Griffin's poetry reconfigures consciousness in the same manner as Theodore Roethke's, whose "Words for the Wind" suggests all landscapes are psychological and that the goal of writing is to construct tensions between structure and chaos, interior and exterior realities. Griffin's work tends to be more intimate and quieter than Roethke's and not underscored
by the deep grief and rage that informed Roethke's use of geological process and changing seasons.
Such dilemmas about language and the nature of representation characterize all poetry formed upon a base of Romantic epistemology. Paul de Man has pointed out that words designate a desire for epiphany—a need to unite with the natural object to achieve a measure of transcendence, to rise up from the material reality of perception, and to gain intuitive knowledge. However, what is problematic about this, in de Man's eyes, is that a gulf exists between language and the natural object, and a signifier does not perfectly express all the qualities of the signified. Thus the poet's desire to merge with the natural object to achieve transcendent knowledge is never possible. In Snowmelt, the interplay of Kreyeski's illustrations and Griffin's poems succeeds in representing the evocative, multi-layered nature of the desert, visually expressing the poet's desire to position the person, the human self, within the landscape so that the human body and the earth are one and the same. According to de Man, this merging is what poets desire, but what poetic language simply cannot do—hence, the sense of loss, longing—a lost opportunity to experience union with the physical, material world.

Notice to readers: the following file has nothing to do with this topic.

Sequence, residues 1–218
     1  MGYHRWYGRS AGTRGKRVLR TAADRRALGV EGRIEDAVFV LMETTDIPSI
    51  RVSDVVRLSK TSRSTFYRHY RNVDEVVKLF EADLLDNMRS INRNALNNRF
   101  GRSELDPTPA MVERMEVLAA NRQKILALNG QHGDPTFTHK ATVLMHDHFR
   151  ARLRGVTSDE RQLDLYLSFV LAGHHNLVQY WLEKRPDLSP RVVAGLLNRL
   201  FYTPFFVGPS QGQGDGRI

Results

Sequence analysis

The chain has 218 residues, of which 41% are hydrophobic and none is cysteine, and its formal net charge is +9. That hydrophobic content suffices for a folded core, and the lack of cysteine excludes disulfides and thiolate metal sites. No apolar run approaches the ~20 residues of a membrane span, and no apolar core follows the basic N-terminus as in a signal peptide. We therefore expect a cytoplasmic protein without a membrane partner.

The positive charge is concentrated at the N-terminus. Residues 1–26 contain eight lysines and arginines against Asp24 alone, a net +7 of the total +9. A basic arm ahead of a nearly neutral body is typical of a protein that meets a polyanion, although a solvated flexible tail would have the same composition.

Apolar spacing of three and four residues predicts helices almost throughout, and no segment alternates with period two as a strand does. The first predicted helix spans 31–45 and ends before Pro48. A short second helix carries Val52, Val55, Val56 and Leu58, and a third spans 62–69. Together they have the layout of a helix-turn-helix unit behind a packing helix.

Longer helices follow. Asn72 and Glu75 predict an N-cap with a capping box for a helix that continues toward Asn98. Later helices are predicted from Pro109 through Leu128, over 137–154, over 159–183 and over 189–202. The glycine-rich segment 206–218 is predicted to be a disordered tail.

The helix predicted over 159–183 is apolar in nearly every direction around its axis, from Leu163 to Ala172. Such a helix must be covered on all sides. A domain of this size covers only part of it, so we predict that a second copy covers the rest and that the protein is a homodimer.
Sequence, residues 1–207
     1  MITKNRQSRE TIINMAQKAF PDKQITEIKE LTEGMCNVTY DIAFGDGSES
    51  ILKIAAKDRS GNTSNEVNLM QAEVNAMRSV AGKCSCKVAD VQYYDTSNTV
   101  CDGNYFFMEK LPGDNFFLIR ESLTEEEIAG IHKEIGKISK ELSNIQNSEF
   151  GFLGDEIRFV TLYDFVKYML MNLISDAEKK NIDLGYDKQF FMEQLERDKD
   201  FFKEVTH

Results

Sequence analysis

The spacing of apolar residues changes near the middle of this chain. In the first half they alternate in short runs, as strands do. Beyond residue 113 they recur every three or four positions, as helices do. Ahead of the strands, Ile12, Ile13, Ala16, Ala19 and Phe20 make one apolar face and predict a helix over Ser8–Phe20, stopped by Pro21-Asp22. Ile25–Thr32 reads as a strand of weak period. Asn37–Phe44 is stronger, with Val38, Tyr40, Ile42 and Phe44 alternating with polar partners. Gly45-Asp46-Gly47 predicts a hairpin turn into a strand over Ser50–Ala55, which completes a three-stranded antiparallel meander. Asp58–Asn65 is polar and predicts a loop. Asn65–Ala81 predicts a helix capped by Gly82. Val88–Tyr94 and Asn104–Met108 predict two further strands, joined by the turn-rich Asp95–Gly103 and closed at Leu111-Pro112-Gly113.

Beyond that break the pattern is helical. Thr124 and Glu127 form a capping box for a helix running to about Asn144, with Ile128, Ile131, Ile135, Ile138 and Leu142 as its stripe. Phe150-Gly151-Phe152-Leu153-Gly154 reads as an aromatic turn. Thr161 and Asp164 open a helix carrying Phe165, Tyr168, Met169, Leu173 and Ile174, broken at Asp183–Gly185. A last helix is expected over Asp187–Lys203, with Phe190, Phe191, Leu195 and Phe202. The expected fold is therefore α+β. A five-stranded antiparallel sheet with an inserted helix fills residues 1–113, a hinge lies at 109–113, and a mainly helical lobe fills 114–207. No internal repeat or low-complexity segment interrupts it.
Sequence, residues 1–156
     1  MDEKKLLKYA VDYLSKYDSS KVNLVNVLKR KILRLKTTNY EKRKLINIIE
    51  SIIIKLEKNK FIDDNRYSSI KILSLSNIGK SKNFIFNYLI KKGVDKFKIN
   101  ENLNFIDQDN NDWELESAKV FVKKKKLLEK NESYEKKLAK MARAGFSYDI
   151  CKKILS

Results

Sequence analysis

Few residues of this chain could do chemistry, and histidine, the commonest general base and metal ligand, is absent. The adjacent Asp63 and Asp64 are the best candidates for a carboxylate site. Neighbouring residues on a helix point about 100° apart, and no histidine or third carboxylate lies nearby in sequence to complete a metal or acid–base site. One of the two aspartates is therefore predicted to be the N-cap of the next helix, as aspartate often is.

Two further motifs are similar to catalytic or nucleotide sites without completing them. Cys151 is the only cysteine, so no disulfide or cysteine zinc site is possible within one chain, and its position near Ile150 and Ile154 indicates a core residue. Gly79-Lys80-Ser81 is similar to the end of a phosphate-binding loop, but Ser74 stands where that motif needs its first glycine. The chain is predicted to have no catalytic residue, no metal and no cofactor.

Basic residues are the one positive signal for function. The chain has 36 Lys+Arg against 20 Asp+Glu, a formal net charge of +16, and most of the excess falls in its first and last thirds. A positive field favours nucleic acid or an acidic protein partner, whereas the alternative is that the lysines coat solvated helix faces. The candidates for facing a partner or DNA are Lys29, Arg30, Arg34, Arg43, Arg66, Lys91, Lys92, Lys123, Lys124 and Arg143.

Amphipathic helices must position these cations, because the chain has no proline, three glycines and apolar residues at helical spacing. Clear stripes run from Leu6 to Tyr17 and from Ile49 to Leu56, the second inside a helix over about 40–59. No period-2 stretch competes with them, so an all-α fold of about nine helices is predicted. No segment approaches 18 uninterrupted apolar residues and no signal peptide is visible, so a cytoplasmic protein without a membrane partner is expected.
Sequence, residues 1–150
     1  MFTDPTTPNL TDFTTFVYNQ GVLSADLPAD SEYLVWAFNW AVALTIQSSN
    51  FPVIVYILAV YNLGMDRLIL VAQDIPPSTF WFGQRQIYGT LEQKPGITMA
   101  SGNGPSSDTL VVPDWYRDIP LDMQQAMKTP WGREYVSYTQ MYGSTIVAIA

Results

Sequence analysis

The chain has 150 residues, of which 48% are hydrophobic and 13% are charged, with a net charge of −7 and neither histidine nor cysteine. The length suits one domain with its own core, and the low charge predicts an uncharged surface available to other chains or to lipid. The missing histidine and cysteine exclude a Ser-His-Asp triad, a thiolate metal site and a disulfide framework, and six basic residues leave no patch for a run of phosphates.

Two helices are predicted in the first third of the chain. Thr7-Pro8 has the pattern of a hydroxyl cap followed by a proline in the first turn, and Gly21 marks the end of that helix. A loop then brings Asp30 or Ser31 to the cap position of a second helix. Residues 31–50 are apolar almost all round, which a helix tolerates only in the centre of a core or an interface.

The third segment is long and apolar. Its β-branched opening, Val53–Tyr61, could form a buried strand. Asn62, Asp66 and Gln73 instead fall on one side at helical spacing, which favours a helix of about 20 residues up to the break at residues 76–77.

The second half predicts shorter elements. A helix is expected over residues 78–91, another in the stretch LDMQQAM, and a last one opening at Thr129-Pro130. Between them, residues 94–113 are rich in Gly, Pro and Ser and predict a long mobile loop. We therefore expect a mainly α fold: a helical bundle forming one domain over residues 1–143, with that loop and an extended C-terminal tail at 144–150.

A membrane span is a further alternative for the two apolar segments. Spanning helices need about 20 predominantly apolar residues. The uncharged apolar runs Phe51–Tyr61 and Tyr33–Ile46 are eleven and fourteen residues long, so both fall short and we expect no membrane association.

They Whisper by Robert Olin Butler. New York: Henry Holt, 1994, 333 pp., $22.50 (cloth).
Reviewed by Sally Bishop Shigley, Department of English, Weber State University
In Robert Olin Butler's most recent novel They Whisper, the protagonist, Ira Holloway, mentally catalogues women he has loved in an attempt to understand what it is about them that so fascinates him. Reminiscent of an east-coast American Ulysses, Holloway's stream-of-consciousness narrative leads the reader through an often lyric, sometimes disorienting, maze of childhood fantasies, memories of the Vietnam War, momentary encounters with women on subway trains, and, at the novel's center, his chaotic, painful relationship with his wife Fiona. Scarred by an incestuous relationship with her father, Fiona retreats into alternate states of obsessive and violent jealousy (and guilty Catholic piety) until finally she joins the ranks of Ophelia and other famous madwomen of the literary canon, taking her own life.
Although some readers might be shocked by the frank, anatomical language that Ira uses in describing women's bodies or by the intricate detail in which he describes making love to these women, the most disturbing aspect of the novel is how the character of Fiona develops. When Butler read from this book during a recent lecture at Weber State University, he made